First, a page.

Yale University Art Gallery
|Location||1111 Chapel St., New Haven, Connecticut|
|Director||Stephanie Wiles (2018)|
The Yale University Art Gallery houses a significant and encyclopedic collection of art in several buildings on the campus of Yale University in New Haven, Connecticut. Although it embraces all cultures and periods, the gallery emphasizes early Italian painting, African sculpture, and modern art.
The Yale University Art Gallery is the oldest university art museum in the western hemisphere. The gallery was founded in 1832, when patriot-artist, John Trumbull, donated more than 100 paintings of the American Revolution to Yale College and designed the original Picture Gallery. This building, on the university's Old Campus, was razed in 1901.
The gallery's main building was built in 1953, and was among the first designed by Louis Kahn, who taught architecture at Yale. A complete renovation, which returned many spaces to Kahn's original vision, was completed in December 2006, by Polshek Partnership Architects. The older Tuscan romanesque portion was built in 1928, and was designed by Egerton Swartwout. The Gallery reopened on December 12, 2012, after a 14-year renovation and expansion project at a cost of $135 million. The expanded space totals 69,975 sq ft (6,500.9 m2).
The museum is a member of the North American Reciprocal Museums program.
Trumbull Gallery built in 1832
On the second floor was a very valuable collection of paintings by John Trumbull, mainly of historical events. Among them were his well-known paintings of the Battle of Bunker Hill, Death of Montgomery before Quebec, Surrender of Lord Cornwallis, Declaration of Independence, etc. Trumbull gave the paintings to Yale in consideration of an annuity of $1,000 and subject to the condition that he and his wife should be forever buried beneath the pictures.
Parau Parau (Whispered Words), Paul Gauguin, 1892, Yale Art Gallery
Builders of Ships by George Bellows, 1916
Joseph Stella, Brooklyn Bridge, 1919–2
The Gallery's encyclopedic collections number more than 200,000 objects ranging in date from ancient times to the present day. The permanent collection includes:
- African Art: over 1000 objects in wood, metal, ivory and ceramic.
- American Decorative Arts: about 18,000 objects in silver, glass, wood, porcelain, and textile with an emphasis on the colonial and early federal periods.
- American Paintings and Sculpture: over 2,500 paintings, 500 sculptures, and 300 miniatures from before the mid-twentieth century including paintings by Benjamin West, John Singleton Copley, Albert Bierstadt, Frederic Church, Frederic Remington, Thomas Eakins, Winslow Homer, George Bellows, John Singer Sargent, Edwin Austin Abbey, Arthur Dove, Elizabeth Goodridge, and Edward Hopper, and sculptures by Hezekiah Augur, Hiram Powers, Horatio Greenough, William Henry Rinehart, Chauncey Ives, Alexander Archipenko, and Alexander Calder.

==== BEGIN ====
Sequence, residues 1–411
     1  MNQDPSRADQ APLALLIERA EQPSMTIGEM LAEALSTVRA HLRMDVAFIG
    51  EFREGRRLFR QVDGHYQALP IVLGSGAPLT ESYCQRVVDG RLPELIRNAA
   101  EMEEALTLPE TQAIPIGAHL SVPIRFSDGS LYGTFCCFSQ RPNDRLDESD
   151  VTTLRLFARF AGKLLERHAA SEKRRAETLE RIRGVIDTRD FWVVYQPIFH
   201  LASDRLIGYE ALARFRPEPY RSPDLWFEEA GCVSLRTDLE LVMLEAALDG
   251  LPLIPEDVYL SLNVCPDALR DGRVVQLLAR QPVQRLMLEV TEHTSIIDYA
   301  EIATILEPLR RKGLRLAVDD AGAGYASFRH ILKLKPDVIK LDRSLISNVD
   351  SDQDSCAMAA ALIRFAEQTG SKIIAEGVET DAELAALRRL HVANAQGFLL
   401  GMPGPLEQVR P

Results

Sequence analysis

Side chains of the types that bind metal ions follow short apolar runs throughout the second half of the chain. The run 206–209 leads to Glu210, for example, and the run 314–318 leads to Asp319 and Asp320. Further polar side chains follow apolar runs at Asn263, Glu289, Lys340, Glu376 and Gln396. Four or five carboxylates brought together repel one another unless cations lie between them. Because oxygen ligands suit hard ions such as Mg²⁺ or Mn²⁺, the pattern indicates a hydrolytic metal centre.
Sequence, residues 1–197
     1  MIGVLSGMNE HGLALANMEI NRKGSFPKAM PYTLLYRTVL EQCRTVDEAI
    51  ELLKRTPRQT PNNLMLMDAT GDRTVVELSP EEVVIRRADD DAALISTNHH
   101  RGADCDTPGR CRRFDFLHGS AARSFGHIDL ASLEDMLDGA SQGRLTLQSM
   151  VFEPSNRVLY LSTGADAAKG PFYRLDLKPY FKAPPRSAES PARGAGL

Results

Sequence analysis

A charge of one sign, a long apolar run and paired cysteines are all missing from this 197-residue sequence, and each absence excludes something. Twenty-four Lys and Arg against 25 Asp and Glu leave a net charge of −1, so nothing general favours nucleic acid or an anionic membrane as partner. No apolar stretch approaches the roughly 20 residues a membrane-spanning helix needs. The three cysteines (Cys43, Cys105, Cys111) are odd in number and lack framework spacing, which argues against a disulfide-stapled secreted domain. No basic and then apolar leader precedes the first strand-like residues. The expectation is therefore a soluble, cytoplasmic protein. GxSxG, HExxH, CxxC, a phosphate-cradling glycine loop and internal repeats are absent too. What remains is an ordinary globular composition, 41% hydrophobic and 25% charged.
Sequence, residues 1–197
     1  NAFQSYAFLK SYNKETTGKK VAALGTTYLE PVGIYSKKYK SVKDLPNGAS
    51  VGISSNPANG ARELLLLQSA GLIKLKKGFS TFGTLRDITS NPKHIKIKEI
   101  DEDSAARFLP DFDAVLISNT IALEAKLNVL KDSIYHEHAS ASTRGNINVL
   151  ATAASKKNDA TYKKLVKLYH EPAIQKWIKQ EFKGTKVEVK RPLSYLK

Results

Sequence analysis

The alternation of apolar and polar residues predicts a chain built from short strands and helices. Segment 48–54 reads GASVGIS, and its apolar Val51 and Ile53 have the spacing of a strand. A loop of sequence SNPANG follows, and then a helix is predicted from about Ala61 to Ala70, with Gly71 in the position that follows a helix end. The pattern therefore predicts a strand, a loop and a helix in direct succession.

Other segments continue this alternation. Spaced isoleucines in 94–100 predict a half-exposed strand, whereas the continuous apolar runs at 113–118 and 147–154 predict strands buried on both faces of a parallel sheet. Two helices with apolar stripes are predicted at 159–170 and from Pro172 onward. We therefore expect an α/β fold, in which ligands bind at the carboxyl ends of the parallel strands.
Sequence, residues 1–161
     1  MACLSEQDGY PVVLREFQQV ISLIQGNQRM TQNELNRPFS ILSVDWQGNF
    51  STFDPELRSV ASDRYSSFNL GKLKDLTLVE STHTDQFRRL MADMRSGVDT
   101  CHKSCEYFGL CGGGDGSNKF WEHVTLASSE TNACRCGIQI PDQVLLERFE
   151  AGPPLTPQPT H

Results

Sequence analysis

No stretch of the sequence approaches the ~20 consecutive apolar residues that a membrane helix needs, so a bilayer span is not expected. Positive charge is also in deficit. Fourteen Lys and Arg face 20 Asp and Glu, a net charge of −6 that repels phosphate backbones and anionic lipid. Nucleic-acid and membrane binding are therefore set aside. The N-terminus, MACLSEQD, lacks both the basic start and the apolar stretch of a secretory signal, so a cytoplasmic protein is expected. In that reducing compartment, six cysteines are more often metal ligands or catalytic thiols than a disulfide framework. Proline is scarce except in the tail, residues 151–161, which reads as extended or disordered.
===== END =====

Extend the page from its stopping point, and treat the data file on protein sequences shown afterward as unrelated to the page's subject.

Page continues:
- Ancient Art: over 13,000 objects from the Near East, Egypt, Greece, Etruria, and Rome dating from the Neolithic to the early Byzantine.
- Art of the Ancient Americas: Mayan and Olmec figurines, vessels and sculptures.
- Asian Art
- Coins and Medals
- Early European Art
- Modern and Contemporary Art: including paintings and sculpture by Josef Albers, Edgar Degas, Marcel Duchamp, Alberto Giacometti, Jean Metzinger, Joan Miró, Piet Mondrian, Pablo Picasso, Mark Rothko, and Roy Lichtenstein.
- Prints, Drawings, and Photographs
In 2005, the museum announced that it had acquired 1,465 gelatin silver prints by the influential American landscape photographer, Robert Adams. In 2009, the museum mounted an exhibition of its extensive collection of Picasso paintings and drawings, in collaboration with the Nasher Museum of Art at Duke University. For the first time, portions of the Yale University Library's, Gertrude Stein writing archives were displayed next to relevant drawings from Picasso.
As an affiliate of Yale University, the gallery maintains a robust roster of education programs for university students, New Haven schools, and the general public. One such program is the Gallery Guide program, founded in 1998, which trains undergraduate students to lead tours at the museum.
The Yale Art Gallery charges no admission.
- "Yale University Art Gallery – 1953". www.building.yale.edu. Archived from the original on August 30, 2013. Retrieved 22 August 2016.
- "Special Exhibit Examines Dynamic Relationship Between the Art of Pablo Picasso and Writing" (PDF). webgallery.yale.edu. Yale University Art Gallery press release. Archived from the original (PDF) on March 4, 2012. Retrieved August 22, 2016.
- Yale Art Gallery, Yale Buildings and Grounds[dead link]
- "Building: Kahn". artgallery.yale.edu. Archived from the original on January 15, 2005. Retrieved August 22, 2016.
- Antiques Magazine, November–December 2012, 108-109.
- Charles McGrath (December 6, 2012), A King of Art With the Midas Touch New York Times.
- The ancestry, life and work of Addison E. Verrill of Yale University. p. 60.
- Yale Art Gallery
- Tom, Sullivan. "Student gallery guides help illuminate Yale's art collections". Yale Daily News. Retrieved April 10, 2015.
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